In natural, free-roaming feral herds, in which the horses determine their social groups, mares wean their foals from suckling, but the youngsters are not sent off until they are around two years of age. At that point, they might join a roaming band of bachelors, or a filly might be integrated into another band. In contrast, our domesticated horses often start out in a small space, with only their mothers for company, rather than in a herd, where there are multiple friends and adults that create a broad safety net. Then, our “hand-raised foals” go through an early and often severe weaning, usually before they are six months old, when they are removed suddenly from their dams. After that they don’t get to be part of a new long-term group, but are isolated, or put into frequently changing social situations. This sets them up for lifelong insecurity.
Tonka was fortunate in that for his first few years he grew up in a close-knit family group, including Aunties and siblings, on a ranch, which is why he isn’t prone to panic, and is thoughtful when faced with challenges.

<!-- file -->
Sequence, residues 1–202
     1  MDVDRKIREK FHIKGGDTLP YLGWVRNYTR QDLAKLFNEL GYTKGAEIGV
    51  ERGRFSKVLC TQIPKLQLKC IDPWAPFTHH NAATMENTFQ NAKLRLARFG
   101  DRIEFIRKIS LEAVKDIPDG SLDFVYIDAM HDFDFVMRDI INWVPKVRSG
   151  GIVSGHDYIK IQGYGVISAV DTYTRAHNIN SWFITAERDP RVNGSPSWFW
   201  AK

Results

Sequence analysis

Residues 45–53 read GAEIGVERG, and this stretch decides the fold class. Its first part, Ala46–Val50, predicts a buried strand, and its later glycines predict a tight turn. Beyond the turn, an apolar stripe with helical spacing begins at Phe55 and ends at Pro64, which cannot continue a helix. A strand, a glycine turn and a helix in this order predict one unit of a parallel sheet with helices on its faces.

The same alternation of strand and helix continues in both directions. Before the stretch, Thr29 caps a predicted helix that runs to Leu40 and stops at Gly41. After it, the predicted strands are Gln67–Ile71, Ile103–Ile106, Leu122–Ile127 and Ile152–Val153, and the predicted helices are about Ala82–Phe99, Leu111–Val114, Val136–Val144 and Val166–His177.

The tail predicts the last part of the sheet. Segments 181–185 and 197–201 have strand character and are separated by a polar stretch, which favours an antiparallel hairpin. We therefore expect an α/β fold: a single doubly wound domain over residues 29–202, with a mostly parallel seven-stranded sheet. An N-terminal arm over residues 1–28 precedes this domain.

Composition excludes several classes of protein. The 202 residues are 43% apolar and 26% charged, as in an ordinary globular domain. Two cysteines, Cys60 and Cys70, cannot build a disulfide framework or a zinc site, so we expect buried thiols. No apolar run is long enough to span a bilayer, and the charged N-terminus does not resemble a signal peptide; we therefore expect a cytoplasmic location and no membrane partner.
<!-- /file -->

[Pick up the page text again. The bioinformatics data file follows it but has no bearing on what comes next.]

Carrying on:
Still, leaving one’s horse friends in a calm manner takes training, even for a horse like Tonka. In the past, Maggie’s owner and I have worked in a large area, riding loops away from and back to each other, then going out of sight for the briefest of moments, then returning. That helps, somewhat, to ease stress on trail rides.
But the reality is that it’s difficult to train to overcome herd-bound anxiety. You have to enlist the help of not only your human friend, but also a horse that is your horse’s friend. You need to set up the situation so that it is realistic but still safe for everyone involved. It takes a lot of small steps and time. It’s not achievable for everyone. I know how to do all of this and I haven’t been able to complete Tonka’s training!
It’s actually easier for Tonka and I to go out on our own. We form a herd of two, which isn’t unlike the situation an older stallion might find himself in. But, even then, if I find myself daydreaming, and fall out of sync with Tonka, he tenses. He knows when I’m there for him and when I’m not. Riding keeps me in the present moment with my horse.